What we talk about when we talk about talking: The CIA’s guide to semantics

The Agency’s required reading on communication skills came from an aluminum company

Written by Beryl Lipton
Edited by JPat Brown

During what would be the last month of his short-lived tenure as Director of Central Intelligence (DCI), William Raborn distributed to his employees copies of a publication he believed had “important and useful things to say about problems in communication.”

Fifty years after it first made the rounds at the Central Intelligence Agency (CIA), the 40-page instructional article, which was recently pulled out of CIA’s CREST archives, contains plenty that is still relevant to discourse today.

But this presentation of how meaning gets mucked up - whether or not that was actually the goal in some CIA cases - was not a homegrown intelligence curriculum. “The best ‘short course’ on semantics,” according to then Deputy Director of Intelligence R.J. Smith, with its fun illustrations and stories on the difficulties of language, actually came from an unusual corporate source: the Public Affairs Department of Kaiser Aluminum and Chemical Corporation.

The magazine opens with a philosophical meditation on the now, the so-called “somewhere/somewhen,” and what we talk about when we talk at all …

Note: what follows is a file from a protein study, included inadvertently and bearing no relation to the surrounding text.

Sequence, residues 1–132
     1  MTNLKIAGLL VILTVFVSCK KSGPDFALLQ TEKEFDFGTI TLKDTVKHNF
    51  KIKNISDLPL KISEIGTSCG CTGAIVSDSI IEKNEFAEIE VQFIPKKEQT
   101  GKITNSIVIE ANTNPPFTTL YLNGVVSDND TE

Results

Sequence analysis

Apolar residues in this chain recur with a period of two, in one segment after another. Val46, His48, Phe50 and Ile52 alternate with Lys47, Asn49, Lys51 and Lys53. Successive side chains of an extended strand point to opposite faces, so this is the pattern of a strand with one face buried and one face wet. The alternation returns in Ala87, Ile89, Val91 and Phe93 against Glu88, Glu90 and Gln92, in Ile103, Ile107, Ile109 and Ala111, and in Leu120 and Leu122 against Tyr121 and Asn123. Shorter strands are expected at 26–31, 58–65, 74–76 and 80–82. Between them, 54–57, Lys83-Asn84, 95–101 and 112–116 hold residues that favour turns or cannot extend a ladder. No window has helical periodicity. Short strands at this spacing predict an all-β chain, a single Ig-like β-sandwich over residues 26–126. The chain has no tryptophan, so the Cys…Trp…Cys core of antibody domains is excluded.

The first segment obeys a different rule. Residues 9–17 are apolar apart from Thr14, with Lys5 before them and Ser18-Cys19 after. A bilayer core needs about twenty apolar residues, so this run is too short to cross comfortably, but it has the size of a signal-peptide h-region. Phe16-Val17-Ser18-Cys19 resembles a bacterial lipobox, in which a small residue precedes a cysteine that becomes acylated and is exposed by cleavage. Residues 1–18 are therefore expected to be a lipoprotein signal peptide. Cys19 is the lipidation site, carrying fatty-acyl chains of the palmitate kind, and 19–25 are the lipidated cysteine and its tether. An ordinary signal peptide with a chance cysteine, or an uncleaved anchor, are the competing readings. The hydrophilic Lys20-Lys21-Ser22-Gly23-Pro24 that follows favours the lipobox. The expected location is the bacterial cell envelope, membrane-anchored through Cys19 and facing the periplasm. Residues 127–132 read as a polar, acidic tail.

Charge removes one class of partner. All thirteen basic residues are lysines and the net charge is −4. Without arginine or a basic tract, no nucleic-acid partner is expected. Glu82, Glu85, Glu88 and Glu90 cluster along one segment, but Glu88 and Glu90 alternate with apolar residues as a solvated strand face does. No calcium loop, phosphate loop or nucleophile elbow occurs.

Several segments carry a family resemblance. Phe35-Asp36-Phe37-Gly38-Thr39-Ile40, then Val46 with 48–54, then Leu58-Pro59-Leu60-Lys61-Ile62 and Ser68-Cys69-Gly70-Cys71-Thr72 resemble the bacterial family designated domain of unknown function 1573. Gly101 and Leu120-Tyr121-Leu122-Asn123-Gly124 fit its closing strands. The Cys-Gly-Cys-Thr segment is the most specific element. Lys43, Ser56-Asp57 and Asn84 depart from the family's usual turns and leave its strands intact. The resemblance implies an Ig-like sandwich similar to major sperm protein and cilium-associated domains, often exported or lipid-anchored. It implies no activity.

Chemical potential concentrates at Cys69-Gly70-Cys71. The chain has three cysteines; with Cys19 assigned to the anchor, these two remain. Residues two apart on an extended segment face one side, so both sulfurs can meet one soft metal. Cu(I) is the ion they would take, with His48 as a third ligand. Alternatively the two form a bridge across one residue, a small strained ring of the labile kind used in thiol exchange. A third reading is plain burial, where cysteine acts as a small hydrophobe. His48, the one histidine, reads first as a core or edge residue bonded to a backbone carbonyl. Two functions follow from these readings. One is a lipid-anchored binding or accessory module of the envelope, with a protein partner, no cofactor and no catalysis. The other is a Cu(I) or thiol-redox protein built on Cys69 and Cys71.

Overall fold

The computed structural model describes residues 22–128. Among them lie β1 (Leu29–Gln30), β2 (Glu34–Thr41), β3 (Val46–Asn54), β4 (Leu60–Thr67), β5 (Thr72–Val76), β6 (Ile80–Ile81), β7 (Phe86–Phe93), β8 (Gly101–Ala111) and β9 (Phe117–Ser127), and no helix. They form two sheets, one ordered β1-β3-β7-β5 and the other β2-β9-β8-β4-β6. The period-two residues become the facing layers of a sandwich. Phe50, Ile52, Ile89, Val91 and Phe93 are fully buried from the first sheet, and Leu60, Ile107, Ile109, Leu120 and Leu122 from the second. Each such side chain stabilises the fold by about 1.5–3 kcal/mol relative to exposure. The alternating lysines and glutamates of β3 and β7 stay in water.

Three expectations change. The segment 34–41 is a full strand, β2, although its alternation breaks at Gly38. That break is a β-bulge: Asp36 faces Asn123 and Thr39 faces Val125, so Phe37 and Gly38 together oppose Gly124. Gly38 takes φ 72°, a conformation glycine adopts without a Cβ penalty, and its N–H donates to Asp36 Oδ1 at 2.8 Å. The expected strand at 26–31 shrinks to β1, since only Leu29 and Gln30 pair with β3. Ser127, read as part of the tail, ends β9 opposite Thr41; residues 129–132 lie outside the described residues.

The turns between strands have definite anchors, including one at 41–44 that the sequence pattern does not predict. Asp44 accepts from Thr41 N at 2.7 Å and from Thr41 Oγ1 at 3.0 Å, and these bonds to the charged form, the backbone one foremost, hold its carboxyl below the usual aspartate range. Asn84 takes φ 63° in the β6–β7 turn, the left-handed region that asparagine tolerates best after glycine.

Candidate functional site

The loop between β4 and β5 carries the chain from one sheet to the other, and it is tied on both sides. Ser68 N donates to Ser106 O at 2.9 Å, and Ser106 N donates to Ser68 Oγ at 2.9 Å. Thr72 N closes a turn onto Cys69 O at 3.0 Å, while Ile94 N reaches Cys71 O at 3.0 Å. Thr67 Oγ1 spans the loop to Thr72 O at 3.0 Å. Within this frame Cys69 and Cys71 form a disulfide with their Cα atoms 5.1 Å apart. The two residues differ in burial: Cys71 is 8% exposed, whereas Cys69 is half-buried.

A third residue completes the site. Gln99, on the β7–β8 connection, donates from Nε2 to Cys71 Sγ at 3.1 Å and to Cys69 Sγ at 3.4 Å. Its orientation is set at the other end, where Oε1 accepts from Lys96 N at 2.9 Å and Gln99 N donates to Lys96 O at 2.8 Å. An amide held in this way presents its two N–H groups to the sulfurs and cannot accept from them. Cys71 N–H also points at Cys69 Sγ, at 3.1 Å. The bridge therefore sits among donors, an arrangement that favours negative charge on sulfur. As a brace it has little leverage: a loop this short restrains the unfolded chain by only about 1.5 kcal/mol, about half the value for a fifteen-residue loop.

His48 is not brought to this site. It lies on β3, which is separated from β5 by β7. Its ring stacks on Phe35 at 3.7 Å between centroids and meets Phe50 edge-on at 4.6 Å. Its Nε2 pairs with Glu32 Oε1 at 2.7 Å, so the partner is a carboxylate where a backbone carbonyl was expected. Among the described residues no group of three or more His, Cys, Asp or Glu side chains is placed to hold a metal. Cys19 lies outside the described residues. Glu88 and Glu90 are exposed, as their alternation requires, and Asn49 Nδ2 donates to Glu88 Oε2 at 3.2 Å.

Then it moves on a discussion of interpretational variety, using Rorschach tests to demonstrate the multitude of ways that a single image can be perceived and interpreted …

(along with a Peanuts strip thrown in for good measure)

and providing a list of commonly-misunderstood words that once, and still, are used everyday with a great amount of difficulty.

The phrase “Too much government is bad for business!” is specifically called out as being vague and noncommunicative.

For students of speech without the time to spare, the lessons are summed up in a checklist of important considerations to make when receiving information from somewhere, still useful weapons in the battle against “fake news.”

The Kaiser Aluminum News was a regular publication, and the concern with communication was embedded in the huge chunk of money that was estimatedly spent each year due to communication failure. Editor Don Fabun had compiled a list of resources for those students interested in learning more about the art of communication, though “Most of the Work” on the issue was done by Secretary Marji Welham, according to its masthead.

For the whole magazine, complete with more Peanuts strips and pictures, read it embedded below, or find it in CREST.